Resource Library

Nahum: The Consequences of Negligence

One hundred years after Jonah’s visit, Nahum wrote to the next generations living in Nineveh, announcing judgment because those who had been converted in Jonah’s time had refused to pass on to their children and grandchildren (the people of Nahum’s day) the knowledge and fear of the true God. Negligence led to this terrible consequence. The result? God had to destroy such an apostate people.

Micah: Advocate for the Poor

It is doubtful the poor peasants of Judah ever had a stronger champion than fellow countryman Micah, the powerful preacher. Though neither as intellectually gifted as his contemporary Isaiah nor as popular as his peer to the north Hosea, Micah nevertheless defended the downtrodden with vigilant zeal.

He cared for his people and warned them of certain punishment if they refused to repent.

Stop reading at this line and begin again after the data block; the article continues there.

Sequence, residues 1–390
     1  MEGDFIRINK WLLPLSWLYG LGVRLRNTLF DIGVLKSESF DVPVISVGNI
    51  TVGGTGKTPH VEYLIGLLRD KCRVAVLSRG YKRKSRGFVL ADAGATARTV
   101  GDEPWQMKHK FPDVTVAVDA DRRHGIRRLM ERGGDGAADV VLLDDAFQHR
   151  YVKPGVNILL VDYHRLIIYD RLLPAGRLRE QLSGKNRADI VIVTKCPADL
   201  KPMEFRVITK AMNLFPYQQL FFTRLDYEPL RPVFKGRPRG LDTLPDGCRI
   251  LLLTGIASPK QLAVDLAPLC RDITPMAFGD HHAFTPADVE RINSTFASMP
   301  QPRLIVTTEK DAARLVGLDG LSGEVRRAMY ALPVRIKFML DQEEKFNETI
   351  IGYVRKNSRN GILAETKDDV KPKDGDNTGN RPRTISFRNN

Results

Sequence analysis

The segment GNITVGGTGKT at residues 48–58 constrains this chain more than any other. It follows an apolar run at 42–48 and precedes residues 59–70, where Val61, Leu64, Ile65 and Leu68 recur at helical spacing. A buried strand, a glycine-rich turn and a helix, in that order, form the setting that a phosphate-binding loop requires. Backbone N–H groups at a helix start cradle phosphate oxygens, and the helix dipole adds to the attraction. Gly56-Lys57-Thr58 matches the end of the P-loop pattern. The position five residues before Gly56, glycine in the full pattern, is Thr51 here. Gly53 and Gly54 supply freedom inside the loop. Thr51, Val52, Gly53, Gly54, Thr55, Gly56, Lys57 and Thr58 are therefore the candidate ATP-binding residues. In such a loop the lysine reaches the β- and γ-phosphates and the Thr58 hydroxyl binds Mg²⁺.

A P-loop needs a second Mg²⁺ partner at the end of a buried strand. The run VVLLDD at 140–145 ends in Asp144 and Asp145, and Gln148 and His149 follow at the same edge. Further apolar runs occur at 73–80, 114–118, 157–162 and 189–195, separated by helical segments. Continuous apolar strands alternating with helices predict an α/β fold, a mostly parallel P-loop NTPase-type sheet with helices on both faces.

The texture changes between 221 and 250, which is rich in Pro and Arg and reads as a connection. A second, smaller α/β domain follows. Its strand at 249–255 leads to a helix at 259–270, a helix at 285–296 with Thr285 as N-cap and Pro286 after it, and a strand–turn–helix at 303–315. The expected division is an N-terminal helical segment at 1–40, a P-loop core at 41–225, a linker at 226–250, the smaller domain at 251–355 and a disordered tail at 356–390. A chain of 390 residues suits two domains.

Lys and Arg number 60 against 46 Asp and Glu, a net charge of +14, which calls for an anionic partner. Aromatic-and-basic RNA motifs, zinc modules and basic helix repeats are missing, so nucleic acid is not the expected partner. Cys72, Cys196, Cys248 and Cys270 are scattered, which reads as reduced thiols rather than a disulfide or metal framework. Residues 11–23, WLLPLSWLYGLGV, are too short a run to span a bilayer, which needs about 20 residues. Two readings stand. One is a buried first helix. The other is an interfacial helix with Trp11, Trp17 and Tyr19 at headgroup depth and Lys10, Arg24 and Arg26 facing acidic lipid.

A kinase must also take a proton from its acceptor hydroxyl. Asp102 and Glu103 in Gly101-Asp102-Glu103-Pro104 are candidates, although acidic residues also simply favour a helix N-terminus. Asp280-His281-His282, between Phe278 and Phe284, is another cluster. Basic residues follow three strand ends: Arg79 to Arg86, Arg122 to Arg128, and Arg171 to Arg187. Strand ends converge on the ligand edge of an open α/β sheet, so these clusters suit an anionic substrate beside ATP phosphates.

Obadiah: Strong Warning to the Proud

Obadiah’s message is related to two historical periods: Obadiah’s own times and the imminent threat of the nations’ captivity by Assyria and Babylon as well as its eventual restoration. Except in his case, Obadiah’s message was not to Israel or Judah but to Edom, and there was no hope of restoration for them.

Joel: Preparing for the Day of the Lord

Recently in Judah (the southern kingdom), a plague of locusts had devoured every green thing, leaving only desolation in their trail. Joel announced his conviction that God had sent the plague because of the sin of His people Judah. But Joel also announced hope beyond their present circumstance. His message is certainly needed today.

Daniel: Man of Integrity, Message of Prophecy

It is doubtful that any Old Testament prophet played a more significant role in the history of Israel than Daniel. Taken from his homeland while still a teenager (he was no more than 15) and pushed through a highly competitive crash course in a foreign culture, Daniel emerged as the premier prophet during the reigns of several monarchs of the captivity era.

Lamentations: A Prophet’s Broken Heart

The ravages of war and the consequences of disaster are usually beyond belief or description. Few are those who can capture the tragic scene in words. Jeremiah was one of the few. His brief, biting journal of what he saw and felt following the fall of his beloved nation is contained in this short book.

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